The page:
Medical history can point to earlier Parkinson’s disease diagnosis

Algorithm could alert doctors to evaluate for the disease Read More

From the WashU Newsroom…

Before symptoms become pronounced, there is no reliable way to identify who is on track to develop Parkinson’s disease, a debilitating movement disorder characterized by tremors, slowness of movement, stiffness, and difficulty with balance and coordination.

But researchers at Washington University School of Medicine in St. Louis have analyzed Medicare claims data of more than 200,000 people to develop an algorithm to predict whether a patient one day will be diagnosed with Parkinson’s. The algorithm relies on information in patients’ medical records, such as tests and diagnoses of various medical conditions.

“Using this algorithm, electronic medical records could be scanned and physicians could be alerted to the potential that their patients may need to be evaluated for Parkinson’s disease,” said Brad A. Racette, MD, the Robert Allan Finke Professor of Neurology and the study’s senior author. “One of the most interesting findings is that people who are going to develop Parkinson’s have medical histories that are notably different from those who don’t develop the disease. This suggests there are lifelong differences that may permit identification of those likely to develop the disease decades before onset.”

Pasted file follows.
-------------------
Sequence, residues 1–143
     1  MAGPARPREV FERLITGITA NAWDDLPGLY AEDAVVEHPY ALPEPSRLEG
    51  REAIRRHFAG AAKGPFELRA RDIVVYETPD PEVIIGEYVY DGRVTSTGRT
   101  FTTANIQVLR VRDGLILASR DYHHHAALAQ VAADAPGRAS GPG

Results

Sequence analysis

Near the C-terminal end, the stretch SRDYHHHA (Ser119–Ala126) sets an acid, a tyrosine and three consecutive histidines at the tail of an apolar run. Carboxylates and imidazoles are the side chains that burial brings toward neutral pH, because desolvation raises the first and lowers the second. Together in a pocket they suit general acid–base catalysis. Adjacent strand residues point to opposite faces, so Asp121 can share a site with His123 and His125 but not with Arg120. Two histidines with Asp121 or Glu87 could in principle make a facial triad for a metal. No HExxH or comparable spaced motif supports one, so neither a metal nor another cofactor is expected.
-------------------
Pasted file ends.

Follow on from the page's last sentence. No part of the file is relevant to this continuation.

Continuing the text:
The study is available online in the journal Neurology.

An estimated 1 million people in the United States live with Parkinson’s disease, a chronic and progressive neurological disorder.

Recognizing that the mild but worsening symptoms in the years before diagnosis might be reflected in a signature pattern of various diagnoses and tests, Racette and colleagues analyzed de-identified medical claims data for Medicare beneficiaries nationwide, ages 66 to 90.

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Posted on September 15, 2017
Posted in: Neurogenetics & Transcriptomics, News Authors: